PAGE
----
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What surprising, fascinating stuff can you tell us about the origin, drafting, and/or final version of “The system moves toward what it studies”?

For some time, I’ve journaled small vignettes or moments that catch my attention, either from the day or from memory and whether or not I understand in that moment why they are meaningful. Over time, I’ve noticed an intersection between different themes–the work material, the daughter’s struggle, the mother’s attempts to influence her daughter. This piece emerged when I began to curate and reshape the vignettes, to play with how I wanted them to sit with one one another, with how they might mosaic into a larger whole.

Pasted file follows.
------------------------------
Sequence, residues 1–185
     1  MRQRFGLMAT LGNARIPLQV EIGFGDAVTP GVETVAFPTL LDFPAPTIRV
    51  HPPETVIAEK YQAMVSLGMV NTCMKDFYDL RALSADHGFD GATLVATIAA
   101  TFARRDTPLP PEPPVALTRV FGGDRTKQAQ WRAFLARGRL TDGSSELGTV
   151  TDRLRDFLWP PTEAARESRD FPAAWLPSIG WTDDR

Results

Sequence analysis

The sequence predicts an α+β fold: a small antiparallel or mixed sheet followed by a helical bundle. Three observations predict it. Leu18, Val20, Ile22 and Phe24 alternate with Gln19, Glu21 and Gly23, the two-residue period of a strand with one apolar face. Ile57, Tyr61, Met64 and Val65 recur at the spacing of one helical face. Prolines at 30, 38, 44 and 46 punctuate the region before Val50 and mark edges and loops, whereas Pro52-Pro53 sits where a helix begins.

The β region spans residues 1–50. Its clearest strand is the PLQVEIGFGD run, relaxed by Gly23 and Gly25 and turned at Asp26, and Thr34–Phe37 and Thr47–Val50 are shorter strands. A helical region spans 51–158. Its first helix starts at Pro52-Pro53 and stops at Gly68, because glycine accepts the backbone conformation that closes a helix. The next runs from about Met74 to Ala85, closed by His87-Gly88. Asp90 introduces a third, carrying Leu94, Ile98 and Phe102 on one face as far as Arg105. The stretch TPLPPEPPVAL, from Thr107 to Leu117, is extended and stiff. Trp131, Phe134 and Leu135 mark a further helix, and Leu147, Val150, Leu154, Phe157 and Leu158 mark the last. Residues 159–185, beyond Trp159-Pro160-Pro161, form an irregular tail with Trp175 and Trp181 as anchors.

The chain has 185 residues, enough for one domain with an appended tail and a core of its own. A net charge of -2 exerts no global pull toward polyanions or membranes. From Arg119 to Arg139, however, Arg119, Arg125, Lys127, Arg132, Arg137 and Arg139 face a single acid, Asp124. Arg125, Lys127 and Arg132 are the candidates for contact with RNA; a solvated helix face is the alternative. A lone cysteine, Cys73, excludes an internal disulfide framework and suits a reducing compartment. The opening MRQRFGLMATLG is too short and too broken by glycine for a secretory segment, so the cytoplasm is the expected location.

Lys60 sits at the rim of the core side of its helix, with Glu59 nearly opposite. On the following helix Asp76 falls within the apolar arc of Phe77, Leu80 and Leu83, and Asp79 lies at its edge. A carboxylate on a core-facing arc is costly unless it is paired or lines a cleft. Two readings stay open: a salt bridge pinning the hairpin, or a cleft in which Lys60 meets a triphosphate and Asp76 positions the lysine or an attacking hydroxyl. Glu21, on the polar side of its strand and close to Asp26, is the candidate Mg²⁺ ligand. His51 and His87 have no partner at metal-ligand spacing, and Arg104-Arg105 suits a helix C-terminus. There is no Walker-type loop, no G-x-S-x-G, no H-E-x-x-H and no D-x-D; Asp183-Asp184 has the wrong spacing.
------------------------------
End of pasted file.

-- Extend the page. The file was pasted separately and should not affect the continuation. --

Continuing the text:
The Drive

by Douglas Cole

 

They did not speak. They drove. Gabriel was used to it, knew this was how his father was in his most unguarded times, silent. They drove out onto the highway and headed north, driving in the dark. Then they pulled off onto the access road and went down into the town. The streetlights were fixed in a blinking pattern, yellow all around. They did not see another car. Then they drove up to the ferry terminal, paid a cashier in the booth and went onto the ferry. Neither of them said a word.